Saturday, September 13, 2014

TBE Bar/Bat Mitzvah Commentary: Matthew Goodman on Ki Tavo

Shabbat Shalom!

This past summer, during the confrontation between Israel and Hamas, an Israeli soldier named Max Steinberg was killed when he was hit by Hamas explosives.  What made this situation unusual is that Max was a Lone Soldier.  Lone Soldiers are those who have left family members behind in another country in order to live in and fight for Israel.  Max’s family was from California.
 When Max’s parents arrived at Ben Gurion airport they were shocked to find out that their son was being treated like a superhero.  To show their support for him, 30,000 Israelis attended his funeral.
This man did not die in vain.  I think we can learn something from his death, that dying for your country is worth something because it is dying for what you believe in and living for a cause that is bigger than yourself.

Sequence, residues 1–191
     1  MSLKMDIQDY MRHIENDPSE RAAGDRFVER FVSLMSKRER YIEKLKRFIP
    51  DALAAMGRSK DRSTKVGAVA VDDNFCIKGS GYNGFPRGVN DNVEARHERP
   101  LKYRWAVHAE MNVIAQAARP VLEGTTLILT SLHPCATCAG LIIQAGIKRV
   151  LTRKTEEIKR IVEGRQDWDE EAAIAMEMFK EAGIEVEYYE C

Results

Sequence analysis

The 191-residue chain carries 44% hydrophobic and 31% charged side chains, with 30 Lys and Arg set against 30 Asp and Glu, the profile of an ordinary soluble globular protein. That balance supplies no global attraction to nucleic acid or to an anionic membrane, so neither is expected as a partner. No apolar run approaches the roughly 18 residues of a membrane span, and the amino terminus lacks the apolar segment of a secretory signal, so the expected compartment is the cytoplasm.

That ties into my Torah portion of Ki Tavo.   At the beginning of the portion, the people are instructed to bring their first fruits as a gift to the Temple in Jerusalem.   Soldiers are kind of like our first fruits.  
Let’s say that every person is included in one big family tree.  Soldiers are like our first fruits, because they offer the greats gift and sacrifice of all their own lives for the good of everyone.  Soldiers demonstrate the importance of self-sacrifice and living for a higher cause, even if it means dying for that cause.
This means a lot to me, because my family is filled with people who have made great sacrifices on behalf of our country by serving in the armed forces.

When the ancient Israelites delivered those first fruits, they also recited a special passage that told the story of how the Jewish people began how Jacob and his family went down to Egypt, where we eventually became slaves, and how we were redeemed from slavery and wondered in the wilderness before finally getting to the land of Israel.   For part of my Mitzvah project, I am also telling the stories that need to be told.  I’ve compiled a digest of stories of the service that my relatives and others have given for our country.  I’ll also be including the story of Max Steinberg.

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